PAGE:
Use of quasi-legal “loophole drugs” is spreading quickly and teens are getting caught up due to easy access and lack of proper awareness, the latest studies show.

According to a survey released Thursday of more than 54,000 junior high school students by the National Center of Neurology and Psychiatry, about 15 percent said they have access to such drugs, which are not categorized as narcotics under the law but can cause strong hallucinations and other health issues.

While 120 students, or 0.2 percent, confirmed they had used these types of drugs, some 60 percent of these users answered that they went on to try cannabis and other narcotics afterward.

The study also showed that nearly 40 percent of the teenagers said they didn’t consider loophole drugs harmful.

“We need to work especially on educating the younger generation,” Vice Health Minister Kenya Akiba said, voicing concern over the diversity of the drugs.

Loophole drugs are often marketed as legal herbs or incense but are created with similar chemicals as banned narcotics. Many have been legally prohibited but the dealers have outpaced the government by creating drugs with new chemical compositions that slip through the regulatory framework.

The NCNP survey also showed that use of loophole drugs is on the rise among adults, with many cases leading to serious drug abuse.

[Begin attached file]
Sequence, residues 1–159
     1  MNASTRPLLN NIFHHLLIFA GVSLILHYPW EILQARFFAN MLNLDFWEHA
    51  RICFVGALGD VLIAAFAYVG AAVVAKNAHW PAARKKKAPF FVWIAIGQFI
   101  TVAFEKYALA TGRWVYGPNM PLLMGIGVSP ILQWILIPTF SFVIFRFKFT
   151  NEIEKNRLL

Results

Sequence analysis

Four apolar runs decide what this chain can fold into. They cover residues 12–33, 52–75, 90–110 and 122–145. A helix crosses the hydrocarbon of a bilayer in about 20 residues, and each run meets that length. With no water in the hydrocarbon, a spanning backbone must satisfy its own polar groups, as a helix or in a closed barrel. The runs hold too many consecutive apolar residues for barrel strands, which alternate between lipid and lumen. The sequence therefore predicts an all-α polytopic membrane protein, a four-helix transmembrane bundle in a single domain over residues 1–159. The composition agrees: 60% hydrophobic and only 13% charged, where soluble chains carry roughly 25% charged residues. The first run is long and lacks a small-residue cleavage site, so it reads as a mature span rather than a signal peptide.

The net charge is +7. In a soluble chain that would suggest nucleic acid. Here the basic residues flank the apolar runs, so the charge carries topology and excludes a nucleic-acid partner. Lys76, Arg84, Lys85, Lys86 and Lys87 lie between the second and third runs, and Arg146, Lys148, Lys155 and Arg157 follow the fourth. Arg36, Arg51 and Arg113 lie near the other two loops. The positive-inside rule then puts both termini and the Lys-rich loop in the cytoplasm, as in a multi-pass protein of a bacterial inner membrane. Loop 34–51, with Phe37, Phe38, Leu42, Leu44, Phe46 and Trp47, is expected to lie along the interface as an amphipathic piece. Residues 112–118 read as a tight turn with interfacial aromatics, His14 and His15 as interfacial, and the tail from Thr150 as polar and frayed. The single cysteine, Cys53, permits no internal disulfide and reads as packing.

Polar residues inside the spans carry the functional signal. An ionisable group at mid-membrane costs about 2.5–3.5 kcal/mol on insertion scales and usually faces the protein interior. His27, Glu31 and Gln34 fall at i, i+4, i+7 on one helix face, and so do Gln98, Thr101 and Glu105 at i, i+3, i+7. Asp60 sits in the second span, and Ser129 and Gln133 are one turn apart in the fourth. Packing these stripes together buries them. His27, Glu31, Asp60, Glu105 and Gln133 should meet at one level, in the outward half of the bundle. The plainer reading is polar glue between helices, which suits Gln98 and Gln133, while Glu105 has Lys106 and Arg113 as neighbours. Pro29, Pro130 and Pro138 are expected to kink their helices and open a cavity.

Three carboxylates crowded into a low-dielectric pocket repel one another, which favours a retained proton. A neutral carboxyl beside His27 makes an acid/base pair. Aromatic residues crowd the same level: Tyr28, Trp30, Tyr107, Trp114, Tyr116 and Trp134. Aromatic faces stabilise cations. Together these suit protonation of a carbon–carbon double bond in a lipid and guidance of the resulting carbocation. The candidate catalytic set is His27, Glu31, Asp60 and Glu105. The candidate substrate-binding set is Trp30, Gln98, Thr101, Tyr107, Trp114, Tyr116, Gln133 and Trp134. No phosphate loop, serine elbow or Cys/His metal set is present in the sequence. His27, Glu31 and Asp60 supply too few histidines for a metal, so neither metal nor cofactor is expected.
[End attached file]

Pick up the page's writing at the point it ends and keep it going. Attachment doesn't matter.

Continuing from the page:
A separate study conducted last fall and released Thursday showed that some 16 percent of approximately 850 drug addiction cases examined stemmed from the use of quasi-legal drugs. They only trailed illegal stimulants, which were seen in 42 percent of the cases, as the leading cause of addiction.

Loophole drugs “contain substances that can harm the brain and the body,” the health ministry warns on its website, adding that using them can cause addiction and even violence against others.

Illegal substances found in Osaka herbal products


The Osaka Prefectural Government said Friday it has detected illegal chemical substances from 12 herb and liquid aroma products marketed in the prefecture.

The prefecture bought the products, including Zombie Super Red, Taboo and Effect Crazy, in December for tests, officials said.

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